President Barack Obama watches archers on horseback demonstrate their skills at the Meiji Shrine in Tokyo, Japan, April 24, 2104. Caroline Kennedy, U.S. Ambassador to Japan, and her husband Dr. Edwin Schlossberg watch at right. (Official White House Photo by Chuck Kennedy)

President Obama reaffirms U.S. commitment to Japan’s security over the Senkuku islands.

Photo: President Barack Obama watches archers on horseback demonstrate their skills at the Meiji Shrine in Tokyo, Japan, April 24, 2104. Caroline Kennedy, U.S. Ambassador to Japan, and her husband Dr. Edwin Schlossberg watch at right.
(Official White House Photo by Chuck Kennedy)

“Our commitment to Japan’s security is absolute and article five [of the security treaty] covers all territories under Japan’s administration, including the Senkaku islands,” Obama said during a joint press conference with Abe. “We don’t take a position on final sovereignty on the Senkakus but historically they’ve been administered by Japan and should not be subject to change unilaterally. [Guardian]

THE REPORTS of President Obama watching a robot took up most of the air on Thursday, as he visited Japan. The New York Times reports, according to administration officials, “that some progress had been made in trade talks,” which is a way of making lemonade out of lemons, something Obama couldn’t do on Middle East peace talks, which have officially ended.

Mr. Obama had hoped to use his visit here to announce an agreement under which Japan would open its markets in rice, beef, poultry and pork, a critical step toward the trade pact. But Prime Minister Shinzo Abe was not able to overcome entrenched resistance from Japan’s farmers in time for the president’s visit. [New York Times]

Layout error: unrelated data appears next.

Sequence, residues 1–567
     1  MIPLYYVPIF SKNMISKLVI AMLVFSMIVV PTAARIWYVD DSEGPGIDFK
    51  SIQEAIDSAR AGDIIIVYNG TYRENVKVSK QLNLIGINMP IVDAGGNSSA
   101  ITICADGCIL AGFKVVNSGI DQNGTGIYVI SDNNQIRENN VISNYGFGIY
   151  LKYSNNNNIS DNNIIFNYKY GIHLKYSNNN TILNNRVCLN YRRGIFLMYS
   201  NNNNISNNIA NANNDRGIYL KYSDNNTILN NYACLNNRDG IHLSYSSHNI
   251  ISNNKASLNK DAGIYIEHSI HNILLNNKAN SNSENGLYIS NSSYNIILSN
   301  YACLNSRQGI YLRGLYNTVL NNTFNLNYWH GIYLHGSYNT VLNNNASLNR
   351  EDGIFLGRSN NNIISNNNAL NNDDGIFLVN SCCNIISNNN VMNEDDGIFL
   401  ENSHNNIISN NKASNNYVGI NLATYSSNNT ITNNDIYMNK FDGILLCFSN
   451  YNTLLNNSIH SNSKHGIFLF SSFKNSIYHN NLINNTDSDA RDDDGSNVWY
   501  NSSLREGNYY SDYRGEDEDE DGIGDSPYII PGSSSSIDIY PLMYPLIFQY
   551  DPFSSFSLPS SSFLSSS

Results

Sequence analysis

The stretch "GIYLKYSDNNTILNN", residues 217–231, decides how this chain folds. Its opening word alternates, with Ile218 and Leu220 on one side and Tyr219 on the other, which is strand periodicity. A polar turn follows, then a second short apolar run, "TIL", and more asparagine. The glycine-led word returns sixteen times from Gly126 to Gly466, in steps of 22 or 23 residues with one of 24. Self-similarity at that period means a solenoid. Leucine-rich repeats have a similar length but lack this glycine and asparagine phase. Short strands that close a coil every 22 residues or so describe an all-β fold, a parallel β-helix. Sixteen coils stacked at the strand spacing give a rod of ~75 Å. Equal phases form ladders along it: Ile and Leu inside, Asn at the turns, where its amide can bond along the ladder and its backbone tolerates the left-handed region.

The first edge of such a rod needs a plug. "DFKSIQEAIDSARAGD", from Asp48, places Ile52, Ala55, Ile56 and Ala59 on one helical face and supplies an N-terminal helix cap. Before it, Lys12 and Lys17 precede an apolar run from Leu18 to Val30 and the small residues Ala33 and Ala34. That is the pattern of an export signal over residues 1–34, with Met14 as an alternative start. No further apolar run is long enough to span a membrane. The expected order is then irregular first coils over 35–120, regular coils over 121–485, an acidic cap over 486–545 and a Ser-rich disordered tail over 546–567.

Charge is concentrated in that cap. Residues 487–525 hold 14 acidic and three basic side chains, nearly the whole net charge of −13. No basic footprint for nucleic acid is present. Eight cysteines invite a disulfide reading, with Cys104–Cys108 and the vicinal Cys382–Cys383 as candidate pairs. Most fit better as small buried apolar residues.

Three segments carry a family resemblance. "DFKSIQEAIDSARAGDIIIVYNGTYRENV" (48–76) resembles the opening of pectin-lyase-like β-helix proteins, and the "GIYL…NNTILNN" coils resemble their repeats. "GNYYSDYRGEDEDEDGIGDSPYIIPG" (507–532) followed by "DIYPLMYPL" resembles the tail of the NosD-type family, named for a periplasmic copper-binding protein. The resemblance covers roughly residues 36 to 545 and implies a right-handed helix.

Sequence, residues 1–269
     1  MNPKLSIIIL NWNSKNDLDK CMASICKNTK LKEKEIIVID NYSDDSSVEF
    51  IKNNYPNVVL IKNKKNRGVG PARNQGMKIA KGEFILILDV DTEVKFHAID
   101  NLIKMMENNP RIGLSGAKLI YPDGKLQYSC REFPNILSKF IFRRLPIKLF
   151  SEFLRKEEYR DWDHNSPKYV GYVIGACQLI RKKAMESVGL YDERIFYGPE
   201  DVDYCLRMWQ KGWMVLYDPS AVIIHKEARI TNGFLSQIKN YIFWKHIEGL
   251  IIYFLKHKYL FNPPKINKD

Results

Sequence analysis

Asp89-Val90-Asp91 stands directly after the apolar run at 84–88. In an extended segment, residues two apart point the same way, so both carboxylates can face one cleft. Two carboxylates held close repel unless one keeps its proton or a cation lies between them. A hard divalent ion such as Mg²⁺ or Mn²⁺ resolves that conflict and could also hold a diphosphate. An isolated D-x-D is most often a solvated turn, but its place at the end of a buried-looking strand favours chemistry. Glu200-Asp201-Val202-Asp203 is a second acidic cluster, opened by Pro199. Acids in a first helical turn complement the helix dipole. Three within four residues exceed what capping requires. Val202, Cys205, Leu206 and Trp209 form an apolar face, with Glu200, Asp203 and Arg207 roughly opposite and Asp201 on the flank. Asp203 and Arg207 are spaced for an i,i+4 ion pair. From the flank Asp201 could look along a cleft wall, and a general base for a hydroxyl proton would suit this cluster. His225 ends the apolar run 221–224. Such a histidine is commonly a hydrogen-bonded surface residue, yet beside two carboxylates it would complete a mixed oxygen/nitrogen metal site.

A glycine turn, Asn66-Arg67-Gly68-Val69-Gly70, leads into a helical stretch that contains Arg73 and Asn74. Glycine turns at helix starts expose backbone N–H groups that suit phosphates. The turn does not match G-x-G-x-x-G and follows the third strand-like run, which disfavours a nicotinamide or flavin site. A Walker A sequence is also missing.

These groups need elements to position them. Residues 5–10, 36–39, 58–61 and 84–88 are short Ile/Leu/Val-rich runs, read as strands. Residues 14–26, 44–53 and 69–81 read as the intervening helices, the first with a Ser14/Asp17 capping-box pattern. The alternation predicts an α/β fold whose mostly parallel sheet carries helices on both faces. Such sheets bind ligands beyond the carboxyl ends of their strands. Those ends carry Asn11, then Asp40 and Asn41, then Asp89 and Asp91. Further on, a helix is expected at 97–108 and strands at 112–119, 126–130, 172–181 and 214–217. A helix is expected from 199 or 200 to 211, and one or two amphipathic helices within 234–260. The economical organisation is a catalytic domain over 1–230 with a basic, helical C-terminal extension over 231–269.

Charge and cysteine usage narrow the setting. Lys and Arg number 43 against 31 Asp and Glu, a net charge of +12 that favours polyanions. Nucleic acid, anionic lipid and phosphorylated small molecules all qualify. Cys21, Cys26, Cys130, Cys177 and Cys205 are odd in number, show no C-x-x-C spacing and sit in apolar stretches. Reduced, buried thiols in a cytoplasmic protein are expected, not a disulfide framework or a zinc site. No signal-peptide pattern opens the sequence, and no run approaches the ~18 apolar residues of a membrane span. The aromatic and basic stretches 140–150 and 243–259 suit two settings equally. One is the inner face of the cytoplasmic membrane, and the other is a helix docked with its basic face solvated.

President Obama sent a clear signal to Japan that the U.S. has got their back against any China meddling over the Senkaku islands.

The president’s statement about the United States’ obligations toward Japan was important because it was the first time he had explicitly put the disputed islands under American protection, though Defense Secretary Chuck Hagel recently made the same statement and the policy has been held by successive administrations.

“This is a very important turning point for the United States-Japan alliance because it means the period of drift under President Obama has finally come to an end,” said Yuichi Hosoya, an expert on American-Japanese relations at Keio University in Tokyo. “The fact that this was said by the president will have a huge psychological impact on Japanese officials and people.”

The Chinese government reacted swiftly, saying it was “firmly opposed” to Mr. Obama’s position. More than anything, Mr. Obama appeared eager to defuse tensions over the islands, referring to them as a “rock” and saying they should not be allowed to derail a relationship that could otherwise be productive.

Obama will be in South Korea on Friday. As CNN reports, he’ll be playing his role as “consoler-in-chief,” as South Korea attempts to pull itself together after the horrific ferry accident that has led to charges against those involved against crew members that jumped ship while their passengers died.